| ||"The authors claim this book is the first of its kind in Australia. We agree whole-heartedly. For once, the blurb on the back cover is right: for ecologists, consultants, developers – and we would add, environmental activists – 'if your copy is not dog-eared and well worn, you are probably not doing your job properly!' |
Dr Darryl Jones & Amy Bond, Wildlife Australia, pp3 43-44, Autumn 2013
"If nothing else, this book demonstrates why detailed professional ecological investigations should be undertaken for all developments potentially impacting on natural ecosystems. Understanding what is on a site and individual species' requirements is essential for determining future land uses, designing development projects and managing consequential impacts."
Consulting Ecology, Newsletter of the Ecological Consultants Association of NSW, pp. 7, Volume 29, 2013
"This book is clearly written and presented. It is structured so that it can be easily used as a reference book, or read from cover to cover. It is well supported with examples, case studies, colour photographs and diagrams... A much needed resource!"
Selga Harrington, Australasian Plant Conservation, pp. 30, Vol 21, 2012
"The book’s readability is improved by the generous use of photos and illustrations, as well as by many boxed case studies of first-hand experiences at Australian development sites.
In the words of an environmental consultant friend: 'I wish we'd had this years ago.'"
Nicola Markus, ECOS online, November 2012
"Written in a 'how to' style, this book does exactly what is says on the cover. The practical and accessible nature of this book will be an ideal resource - the copies are on order for library and I think they will be much thumbed by students."
Sarah Taylor, Bulletin of the British Ecological Society, pp. 76, Vol 43 (4), 2012
"Ambitious in scope, the book is structured in a way that makes the subject easy to follow and relevant to a wide audience.
The next time you see a dead native animal on the road, remember that adverse impacts of developments on wildlife can be mitigated, and that a resource is available to help achieve this."
Martin Fallding, Australasian Journal of Environmental Management, pp. 1-2, December 2012
"The text is clear and easy to read, fully referenced and well supported with photos, tables and charts. For anyone wanting a better understanding of processes for reducing our impact on wildlife this book will be very welcome."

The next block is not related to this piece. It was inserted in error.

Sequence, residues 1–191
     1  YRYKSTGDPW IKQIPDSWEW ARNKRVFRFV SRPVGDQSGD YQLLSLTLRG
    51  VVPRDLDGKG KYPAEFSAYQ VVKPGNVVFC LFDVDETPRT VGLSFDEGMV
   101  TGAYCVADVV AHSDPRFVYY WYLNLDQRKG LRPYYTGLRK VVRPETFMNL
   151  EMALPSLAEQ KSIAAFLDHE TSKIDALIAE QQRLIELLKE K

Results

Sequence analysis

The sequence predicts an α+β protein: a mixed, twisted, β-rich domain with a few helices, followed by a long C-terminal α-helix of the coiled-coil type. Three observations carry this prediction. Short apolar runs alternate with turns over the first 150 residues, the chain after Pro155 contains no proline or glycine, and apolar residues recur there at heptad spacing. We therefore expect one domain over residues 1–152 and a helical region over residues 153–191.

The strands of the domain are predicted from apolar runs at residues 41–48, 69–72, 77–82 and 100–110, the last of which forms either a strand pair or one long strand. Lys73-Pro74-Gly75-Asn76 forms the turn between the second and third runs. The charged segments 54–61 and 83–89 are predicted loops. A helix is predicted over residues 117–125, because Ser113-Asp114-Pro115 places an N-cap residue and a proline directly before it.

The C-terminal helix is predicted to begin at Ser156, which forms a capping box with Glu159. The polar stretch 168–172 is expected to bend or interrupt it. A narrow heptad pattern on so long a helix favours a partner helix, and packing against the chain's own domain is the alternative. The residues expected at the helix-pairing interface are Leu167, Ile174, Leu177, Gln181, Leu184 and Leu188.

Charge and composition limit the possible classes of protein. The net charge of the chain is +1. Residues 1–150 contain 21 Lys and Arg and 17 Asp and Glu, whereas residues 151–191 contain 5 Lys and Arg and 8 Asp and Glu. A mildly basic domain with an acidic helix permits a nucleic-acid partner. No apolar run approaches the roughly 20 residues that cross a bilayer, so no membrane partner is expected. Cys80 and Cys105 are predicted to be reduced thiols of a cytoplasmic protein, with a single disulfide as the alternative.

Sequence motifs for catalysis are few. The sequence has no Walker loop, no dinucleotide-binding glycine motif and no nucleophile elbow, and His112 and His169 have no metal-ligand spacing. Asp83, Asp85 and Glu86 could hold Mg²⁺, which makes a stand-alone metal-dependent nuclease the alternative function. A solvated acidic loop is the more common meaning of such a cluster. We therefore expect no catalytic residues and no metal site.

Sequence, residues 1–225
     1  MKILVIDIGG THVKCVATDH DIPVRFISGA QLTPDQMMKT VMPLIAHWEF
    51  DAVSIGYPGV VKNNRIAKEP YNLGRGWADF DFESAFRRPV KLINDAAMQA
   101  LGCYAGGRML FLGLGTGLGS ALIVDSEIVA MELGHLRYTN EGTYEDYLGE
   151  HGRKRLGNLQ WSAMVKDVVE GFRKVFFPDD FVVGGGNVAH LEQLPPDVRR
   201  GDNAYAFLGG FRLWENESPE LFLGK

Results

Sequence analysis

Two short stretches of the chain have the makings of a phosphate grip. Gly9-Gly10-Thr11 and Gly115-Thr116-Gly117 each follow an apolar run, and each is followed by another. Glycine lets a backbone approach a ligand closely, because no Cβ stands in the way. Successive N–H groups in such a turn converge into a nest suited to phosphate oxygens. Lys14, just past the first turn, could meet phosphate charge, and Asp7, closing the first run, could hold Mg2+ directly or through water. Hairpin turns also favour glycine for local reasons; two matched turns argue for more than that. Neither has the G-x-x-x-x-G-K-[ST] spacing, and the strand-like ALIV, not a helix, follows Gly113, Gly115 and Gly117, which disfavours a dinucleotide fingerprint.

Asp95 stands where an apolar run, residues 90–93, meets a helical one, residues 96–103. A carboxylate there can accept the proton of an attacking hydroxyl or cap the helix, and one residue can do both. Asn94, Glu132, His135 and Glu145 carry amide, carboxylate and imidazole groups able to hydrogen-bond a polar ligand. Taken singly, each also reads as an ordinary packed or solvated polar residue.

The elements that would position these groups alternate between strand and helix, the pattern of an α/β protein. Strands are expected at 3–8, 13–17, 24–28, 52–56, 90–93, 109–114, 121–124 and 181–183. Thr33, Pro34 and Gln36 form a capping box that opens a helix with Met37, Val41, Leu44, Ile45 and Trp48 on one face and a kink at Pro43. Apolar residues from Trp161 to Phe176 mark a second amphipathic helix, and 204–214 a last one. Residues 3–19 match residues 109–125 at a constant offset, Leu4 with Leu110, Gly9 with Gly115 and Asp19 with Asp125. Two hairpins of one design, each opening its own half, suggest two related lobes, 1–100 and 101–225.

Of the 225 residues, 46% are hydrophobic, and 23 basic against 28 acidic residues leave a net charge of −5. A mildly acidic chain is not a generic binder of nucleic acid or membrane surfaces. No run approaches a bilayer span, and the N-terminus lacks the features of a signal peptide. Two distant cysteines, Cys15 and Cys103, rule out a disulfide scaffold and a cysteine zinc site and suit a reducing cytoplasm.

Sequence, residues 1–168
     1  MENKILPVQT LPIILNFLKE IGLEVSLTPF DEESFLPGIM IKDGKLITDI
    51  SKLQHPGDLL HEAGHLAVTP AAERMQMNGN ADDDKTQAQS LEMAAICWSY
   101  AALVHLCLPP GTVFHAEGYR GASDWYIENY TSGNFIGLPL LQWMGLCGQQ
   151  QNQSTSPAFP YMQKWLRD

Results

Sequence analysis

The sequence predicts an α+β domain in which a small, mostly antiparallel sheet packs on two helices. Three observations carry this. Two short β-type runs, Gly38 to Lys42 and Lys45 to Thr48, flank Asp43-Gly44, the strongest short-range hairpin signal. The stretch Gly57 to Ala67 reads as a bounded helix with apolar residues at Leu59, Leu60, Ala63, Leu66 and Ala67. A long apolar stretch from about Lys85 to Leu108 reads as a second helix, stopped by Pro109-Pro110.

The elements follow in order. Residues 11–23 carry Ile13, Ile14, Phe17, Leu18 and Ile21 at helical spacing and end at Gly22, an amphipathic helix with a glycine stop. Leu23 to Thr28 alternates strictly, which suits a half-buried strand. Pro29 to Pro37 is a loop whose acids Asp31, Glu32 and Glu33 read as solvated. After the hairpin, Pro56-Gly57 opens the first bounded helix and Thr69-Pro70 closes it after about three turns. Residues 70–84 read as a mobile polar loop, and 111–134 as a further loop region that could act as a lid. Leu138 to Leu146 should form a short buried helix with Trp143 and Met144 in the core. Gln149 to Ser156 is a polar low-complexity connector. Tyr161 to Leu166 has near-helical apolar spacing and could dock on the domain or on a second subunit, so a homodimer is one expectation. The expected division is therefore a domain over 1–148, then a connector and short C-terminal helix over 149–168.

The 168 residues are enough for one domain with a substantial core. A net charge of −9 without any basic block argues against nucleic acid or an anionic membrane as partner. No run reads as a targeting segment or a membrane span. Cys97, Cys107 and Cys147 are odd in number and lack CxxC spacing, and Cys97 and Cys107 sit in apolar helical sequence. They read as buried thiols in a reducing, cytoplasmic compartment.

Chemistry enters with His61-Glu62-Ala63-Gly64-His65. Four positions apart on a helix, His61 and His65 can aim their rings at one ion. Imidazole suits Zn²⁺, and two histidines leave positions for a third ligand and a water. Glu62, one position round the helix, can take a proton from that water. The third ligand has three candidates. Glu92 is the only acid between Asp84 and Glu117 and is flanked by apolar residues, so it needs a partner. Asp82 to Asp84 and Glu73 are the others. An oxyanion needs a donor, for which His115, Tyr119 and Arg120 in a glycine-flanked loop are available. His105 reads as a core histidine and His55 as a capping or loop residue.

RG Richardson, Plant Protection Quarterly, Vol 27 (1), pp. 44, 2012
"This book contains a comprehensive range of practical measures to assist others to reduce the impacts resulting from development on terrestrial flora and fauna, and promotes ecologically sustainable development."
Landcare Queensland, April 2012
"This well-researched book provides an excellent basis for approaching and solving problems associated with impact assessment and mitigation. It gives an overview of techniques and solutions with the objectives of conservation of wildlife that can be applied to most projects. Such a practical book is a 'must-read' for every environmental manager, particularly those involved in consulting and local government."
Dr Martin Denny, Fellow of the Royal Zoological Society of NSW, Past-president of the Ecological Consultants Association of NSW
"This book should not be on the shelf of every ecologist, consultant or developer – it needs to lie open on their desk, sit at the top of their field bag and be widely discussed around the lunch-room table. Indeed – if your copy is not dog-eared and well-worn, you are clearly not doing your job properly! The book is well-written, clearly laid out and provides a huge array of practical strategies and techniques to mitigate the effects of developments on wildlife."
Dr Rodney van der Ree, Deputy Director of the Australian Research Centre for Urban Ecology, Royal Botanic Gardens Melbourne
"This book deserves a place on the bookshelves of Australian planners everywhere."
Peter J. Herborn, Australian Planner, 22 May 2013